But consumption is our way, too, consuming ways and means to bring in more people to our churches. Maybe that’s why you’re here, as if we were experts on how Christ’s Word can spread best in your part of the vineyard. Consumers are impatient. It is their way. They cannot be otherwise because their lives are defined by their needs, and we as pastors, preachers, evangelists have needs the same as anyone else.

Impatience cannot live next-door to hope. Hope waits, is patient, hope bears the strain and stress of what today has brought because it believes tomorrow can be better. See how the farmer waits for the precious fruit of the earth, waiting patiently for it until it receives the early and latter rain. (James 5:7). Hope and patience can receive because hope and patience are under no illusion that tomorrow depends on their doing, their needs, their demands, whereas you do not know what will happen tomorrow (James 4:14).

Patience is possible because the flourishing of the Gospel and the growth of Christ’s Church are His gift for every good gift and every perfect gift is from above, and comes down from the Father of lights…of his own will he brought us forth by the word of truth (James 1:17, 18). Everything we have, life and life abundantly in Christ, that we believe in him at all, is all his gift. We have nothing we have not received, and our future will be no different than our past. James counsels patience precisely because the future is in Christ’s hands, You also be patient. Establish your hearts, for the coming of the Lord is at hand (James 5:8). You, who are just getting a church start off the ground, be patient. You, who don’t know how to go about this whole thing, be patient. You, who are struggling to hold a congregation together, be patient.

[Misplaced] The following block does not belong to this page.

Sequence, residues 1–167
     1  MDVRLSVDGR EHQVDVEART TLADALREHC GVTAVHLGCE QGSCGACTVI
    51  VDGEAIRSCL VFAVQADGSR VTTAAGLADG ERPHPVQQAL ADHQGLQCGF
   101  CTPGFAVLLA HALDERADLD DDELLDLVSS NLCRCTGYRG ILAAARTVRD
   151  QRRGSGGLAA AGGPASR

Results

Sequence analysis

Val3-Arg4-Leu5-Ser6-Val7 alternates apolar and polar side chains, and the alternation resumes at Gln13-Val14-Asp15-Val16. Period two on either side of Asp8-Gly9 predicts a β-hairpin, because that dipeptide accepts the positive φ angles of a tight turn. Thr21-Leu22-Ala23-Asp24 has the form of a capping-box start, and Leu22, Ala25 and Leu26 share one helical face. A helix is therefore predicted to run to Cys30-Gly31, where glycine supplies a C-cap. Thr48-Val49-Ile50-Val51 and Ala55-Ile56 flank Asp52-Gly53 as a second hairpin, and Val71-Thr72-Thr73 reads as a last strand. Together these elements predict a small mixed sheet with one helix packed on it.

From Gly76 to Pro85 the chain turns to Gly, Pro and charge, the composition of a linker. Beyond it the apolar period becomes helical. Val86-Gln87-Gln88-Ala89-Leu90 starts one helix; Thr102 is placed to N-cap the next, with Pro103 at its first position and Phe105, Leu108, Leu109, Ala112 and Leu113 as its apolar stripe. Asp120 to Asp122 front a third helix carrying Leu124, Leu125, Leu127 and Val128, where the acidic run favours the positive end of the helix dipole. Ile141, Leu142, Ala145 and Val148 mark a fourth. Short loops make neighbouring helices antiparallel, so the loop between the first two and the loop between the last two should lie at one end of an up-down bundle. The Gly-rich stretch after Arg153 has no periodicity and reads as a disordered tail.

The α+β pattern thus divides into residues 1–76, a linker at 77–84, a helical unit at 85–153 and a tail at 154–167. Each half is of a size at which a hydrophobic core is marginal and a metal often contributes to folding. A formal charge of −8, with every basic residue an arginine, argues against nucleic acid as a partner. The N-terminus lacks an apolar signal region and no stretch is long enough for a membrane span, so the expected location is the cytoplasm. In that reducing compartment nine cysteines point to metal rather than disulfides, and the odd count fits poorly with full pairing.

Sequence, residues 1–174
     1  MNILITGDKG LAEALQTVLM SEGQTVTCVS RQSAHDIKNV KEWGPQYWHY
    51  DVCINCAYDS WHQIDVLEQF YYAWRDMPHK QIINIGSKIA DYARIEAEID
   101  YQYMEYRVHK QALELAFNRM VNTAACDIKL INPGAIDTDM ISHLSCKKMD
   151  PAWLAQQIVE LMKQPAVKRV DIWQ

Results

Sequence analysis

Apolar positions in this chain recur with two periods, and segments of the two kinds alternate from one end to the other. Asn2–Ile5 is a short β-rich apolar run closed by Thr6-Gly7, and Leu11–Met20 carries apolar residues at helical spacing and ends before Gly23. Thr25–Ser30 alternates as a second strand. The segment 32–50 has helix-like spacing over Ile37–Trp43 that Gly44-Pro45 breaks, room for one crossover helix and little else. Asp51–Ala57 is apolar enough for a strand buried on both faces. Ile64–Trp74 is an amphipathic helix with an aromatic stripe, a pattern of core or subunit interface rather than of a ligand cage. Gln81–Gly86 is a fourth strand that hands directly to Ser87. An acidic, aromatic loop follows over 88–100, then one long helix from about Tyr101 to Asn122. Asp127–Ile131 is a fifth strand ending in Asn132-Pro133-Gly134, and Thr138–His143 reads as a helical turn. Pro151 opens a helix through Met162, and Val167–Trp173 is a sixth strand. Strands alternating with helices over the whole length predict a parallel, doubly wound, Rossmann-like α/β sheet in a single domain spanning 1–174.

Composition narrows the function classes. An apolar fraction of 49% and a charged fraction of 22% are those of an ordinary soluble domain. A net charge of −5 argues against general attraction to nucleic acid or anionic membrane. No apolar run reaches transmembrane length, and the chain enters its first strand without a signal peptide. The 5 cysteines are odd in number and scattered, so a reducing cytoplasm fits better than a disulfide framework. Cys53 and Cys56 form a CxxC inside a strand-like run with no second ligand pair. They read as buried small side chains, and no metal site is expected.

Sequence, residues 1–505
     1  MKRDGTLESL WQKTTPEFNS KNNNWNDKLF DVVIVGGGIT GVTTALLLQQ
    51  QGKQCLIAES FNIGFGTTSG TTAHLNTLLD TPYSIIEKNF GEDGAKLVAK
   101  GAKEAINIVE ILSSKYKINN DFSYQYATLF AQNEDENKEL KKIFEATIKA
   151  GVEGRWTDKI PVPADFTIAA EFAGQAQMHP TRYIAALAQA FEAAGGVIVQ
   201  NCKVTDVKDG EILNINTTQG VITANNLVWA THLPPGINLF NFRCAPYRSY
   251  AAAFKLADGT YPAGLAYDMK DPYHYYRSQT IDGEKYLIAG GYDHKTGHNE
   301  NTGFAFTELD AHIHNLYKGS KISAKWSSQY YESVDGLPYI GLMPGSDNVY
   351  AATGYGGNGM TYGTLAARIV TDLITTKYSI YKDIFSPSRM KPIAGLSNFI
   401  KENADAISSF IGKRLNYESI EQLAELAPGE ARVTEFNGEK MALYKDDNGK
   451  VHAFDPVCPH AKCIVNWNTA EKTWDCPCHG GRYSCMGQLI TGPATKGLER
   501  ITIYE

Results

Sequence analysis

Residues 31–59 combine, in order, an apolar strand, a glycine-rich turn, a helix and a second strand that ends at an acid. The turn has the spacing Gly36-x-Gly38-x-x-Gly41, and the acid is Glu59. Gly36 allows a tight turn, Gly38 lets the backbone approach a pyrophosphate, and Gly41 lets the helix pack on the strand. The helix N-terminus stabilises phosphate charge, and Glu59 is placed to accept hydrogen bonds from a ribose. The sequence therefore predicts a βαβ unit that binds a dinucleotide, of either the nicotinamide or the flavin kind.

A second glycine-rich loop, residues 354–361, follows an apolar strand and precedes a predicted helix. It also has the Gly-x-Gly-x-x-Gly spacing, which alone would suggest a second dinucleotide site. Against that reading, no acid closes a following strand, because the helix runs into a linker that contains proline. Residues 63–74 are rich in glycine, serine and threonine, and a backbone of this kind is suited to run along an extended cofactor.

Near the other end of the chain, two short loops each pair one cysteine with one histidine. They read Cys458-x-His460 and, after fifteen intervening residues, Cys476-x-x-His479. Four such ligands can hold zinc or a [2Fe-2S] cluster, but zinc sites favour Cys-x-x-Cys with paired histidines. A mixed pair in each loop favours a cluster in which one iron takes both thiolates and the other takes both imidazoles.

Put away your phone and whatever you’re reading this on. Put away your habits of instant satisfaction and pressing demands. Put away everything that is impatient and suspicious, cramped and distorted in your soul. Put on patience and hope in Christ, and using the oldest and simplest of tools, the Word of God, sharper than any two-edged sword, now calmly and steadily and joyfully reap the harvest the Lord has prepared!

Our Lord at times desired to have time apart from the demands of His ministry. He was often entirely alone, retiring to mountains where He could not easily be found. Sometimes His attempt at seclusion was frustrated through the demands of others for His presence and attention. Sometimes He called his disciples to come with Him into seclusion.

This is all tremendously needful, refreshing, and helpful. Who does not desire some time apart? Who of us can say that at every waking moment he is entirely ready and willing to carry out the ministry of the gospel? No honest man could answer “Yes.”